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Venezuela Suffering Food Shortages

Chávez visiting a state factory

Venezuela is one of the world’s largest oil producers. The nation owns the oil and collects all the revenue generated from its sale. It is also a nation suspended somewhere between deep socialism and true communism. Everytime anyone gets a tad out of line, President Hugo Chávez goes a little further into communism, seizing private property, taking over private companies.

With all that oil money, one would assume that Venezuela could provide equally for all its people. It should be able to give everyone a decent home, a good education, good health care, and a healthy diet. Wrong.

Venezuela is suffering from food shortages. People line up hours before a store opens, hoping to buy something, anything to feed their families. They are short of staples like milk, meat and even toilet paper. Government-owned stores receive a shipment of goods once a week. The trucks never contain enough goods for the people who need them. Even stores in up-scale neighborhoods suffer from shortages. You could buy quail eggs, but not toilet paper, in La Castellana. Even coffee was running out.

And it is beginning to get back on President Chávez. When a store manager was asked recently where one could buy milk, he responded, “At Chavez’s house.” The fact that Chávez traveled to Cuba for treatment of his cancer isn’t sitting well either. It tells the Venezuelans that their health care isn’t good enough for their own officials.

Venezuela was always a very rich country, but the income gap had gotten extreme. Chávez won election in 1999 on the promise of greater equality. The Chávez administration insists that price controls are needed to make goods available to all at reasonable cost, but prices rose 27.6% last year, one of the highest inflation rates in the world.

The government blames capitalism for the shortages, saying companies are withholding goods to drive up prices. In response, they have ordered price cuts on more than a dozen products, including juice, disposable diapers and toothpaste. Chávez said recently, “We are not asking them [companies] to lose money, just that they make money in a rational way, that they don’t rob the people.”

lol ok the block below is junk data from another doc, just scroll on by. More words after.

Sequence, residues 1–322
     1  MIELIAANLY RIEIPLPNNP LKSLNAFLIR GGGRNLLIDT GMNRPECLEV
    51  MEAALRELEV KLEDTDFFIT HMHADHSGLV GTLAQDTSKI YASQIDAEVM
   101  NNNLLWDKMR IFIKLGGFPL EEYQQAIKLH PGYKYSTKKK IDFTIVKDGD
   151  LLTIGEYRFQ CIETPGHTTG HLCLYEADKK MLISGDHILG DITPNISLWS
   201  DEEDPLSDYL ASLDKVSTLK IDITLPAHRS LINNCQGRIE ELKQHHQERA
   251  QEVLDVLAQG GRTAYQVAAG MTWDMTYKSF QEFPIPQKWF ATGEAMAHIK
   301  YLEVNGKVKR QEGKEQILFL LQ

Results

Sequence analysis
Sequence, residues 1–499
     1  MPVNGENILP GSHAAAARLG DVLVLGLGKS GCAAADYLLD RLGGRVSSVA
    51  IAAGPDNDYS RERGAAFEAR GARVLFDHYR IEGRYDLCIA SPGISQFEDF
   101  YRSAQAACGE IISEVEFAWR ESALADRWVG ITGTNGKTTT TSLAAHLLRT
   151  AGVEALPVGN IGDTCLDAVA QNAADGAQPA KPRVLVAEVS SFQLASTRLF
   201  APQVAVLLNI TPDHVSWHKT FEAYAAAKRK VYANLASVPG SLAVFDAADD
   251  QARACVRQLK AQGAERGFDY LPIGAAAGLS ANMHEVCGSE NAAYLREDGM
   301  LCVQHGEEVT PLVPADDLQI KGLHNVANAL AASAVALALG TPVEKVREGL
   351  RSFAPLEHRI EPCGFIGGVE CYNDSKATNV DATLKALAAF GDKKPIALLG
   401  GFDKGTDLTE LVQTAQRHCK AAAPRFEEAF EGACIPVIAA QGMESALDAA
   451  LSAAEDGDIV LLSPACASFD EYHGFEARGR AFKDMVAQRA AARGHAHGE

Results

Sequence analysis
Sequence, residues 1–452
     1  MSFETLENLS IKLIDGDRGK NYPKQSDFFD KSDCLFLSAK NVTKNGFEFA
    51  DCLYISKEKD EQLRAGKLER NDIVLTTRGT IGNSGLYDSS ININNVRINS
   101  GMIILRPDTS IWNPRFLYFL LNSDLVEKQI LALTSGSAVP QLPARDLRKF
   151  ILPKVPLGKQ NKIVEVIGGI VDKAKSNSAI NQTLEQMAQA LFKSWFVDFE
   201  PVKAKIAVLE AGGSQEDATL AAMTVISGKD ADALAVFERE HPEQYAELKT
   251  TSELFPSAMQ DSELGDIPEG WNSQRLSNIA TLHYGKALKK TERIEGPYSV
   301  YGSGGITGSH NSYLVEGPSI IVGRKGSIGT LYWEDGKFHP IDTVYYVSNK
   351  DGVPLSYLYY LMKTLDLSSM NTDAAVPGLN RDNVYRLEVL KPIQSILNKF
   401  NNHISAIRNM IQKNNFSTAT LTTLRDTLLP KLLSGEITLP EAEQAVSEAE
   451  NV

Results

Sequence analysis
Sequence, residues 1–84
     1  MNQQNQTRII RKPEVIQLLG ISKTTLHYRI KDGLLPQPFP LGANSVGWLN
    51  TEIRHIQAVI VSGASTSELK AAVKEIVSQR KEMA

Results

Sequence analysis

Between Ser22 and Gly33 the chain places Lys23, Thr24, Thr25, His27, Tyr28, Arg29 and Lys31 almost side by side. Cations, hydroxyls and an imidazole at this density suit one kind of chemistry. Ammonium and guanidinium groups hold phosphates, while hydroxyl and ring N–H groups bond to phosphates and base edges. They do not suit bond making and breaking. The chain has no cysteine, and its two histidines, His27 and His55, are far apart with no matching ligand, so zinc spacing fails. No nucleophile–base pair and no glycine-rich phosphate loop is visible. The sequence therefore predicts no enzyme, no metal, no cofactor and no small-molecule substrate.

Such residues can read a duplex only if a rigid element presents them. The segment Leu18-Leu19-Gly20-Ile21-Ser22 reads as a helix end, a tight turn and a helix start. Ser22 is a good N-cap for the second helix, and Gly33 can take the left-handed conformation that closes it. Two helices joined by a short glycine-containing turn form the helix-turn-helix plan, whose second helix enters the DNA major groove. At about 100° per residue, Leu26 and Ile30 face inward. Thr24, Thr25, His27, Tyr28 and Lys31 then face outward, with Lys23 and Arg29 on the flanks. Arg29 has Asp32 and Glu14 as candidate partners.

Economists say the government is making the situation worse. They have cut prices so much that companies cannot make a profit, so they are producing less. Farmers are growing less because they can’t get decent prices for their produce. Retailers are cutting stock. And many of the products are from companies that the government seized and is running. Chávez says it is in the nation’s best interest that they run these companies, but ownership has not increased production.

Chávez is seeking re-election to another six-year term in October. The food shortages are becoming a major issue for him. He has threatened to nationalize any company that fails to keep its products on the shelves. His vice-president, Elías Jaua is warning of an opposition campaign to cause people to hoard and increase the shortages. The government is using “Bread for today is hunger for tomorrow” as a campaign slogan. Though economists say that new price controls might score some points for the election, in the long term, they will just make things worse.

Venezuela has run out of coffee. They used to be a coffee exporting nation, but now they don’t have enough coffee for the domestic market. Roasters say they cannot get beans, and the government has had to import coffee beans for them. Other agricultural products are suffering the same shortages.

There has been one small benefit to the shortages. The lack of cooking oil has altered diets. People are eating less fried food and stretching what foods they can buy by making stews and soups. Some shoppers are reporting inadvertent weight loss as a consequence. The North Koreans probably felt the same way fifty years ago.

There is a fine line that an economy must tread between encouraging capitalism and maintaining a good safety net, between providing the means of acquiring wealth and the need to prevent unreasonable income gaps. Almost all revolutions have had their foundation in economics, not politics. The wider the wealth gap, the more the poor feel they have no hope of advancement, the greater the chance of revolution. A little controlled socialism saves a whole lot of capitalist ass. Chávez tipped the scale the wrong way. Too much socialism, the tipping over into communism, results in equality in poverty. It is a lesson that China and Cuba have learned, and so they are converting to private enterprise and ownership. The politics will come later. They are avoiding the chaos caused by the collapse of communist governments without a solid private economy. As closely as Chávez has allied himself with the Castros, they have apparently not been able to teach him their most hard-earned lesson….communism is dead.

 

 

 

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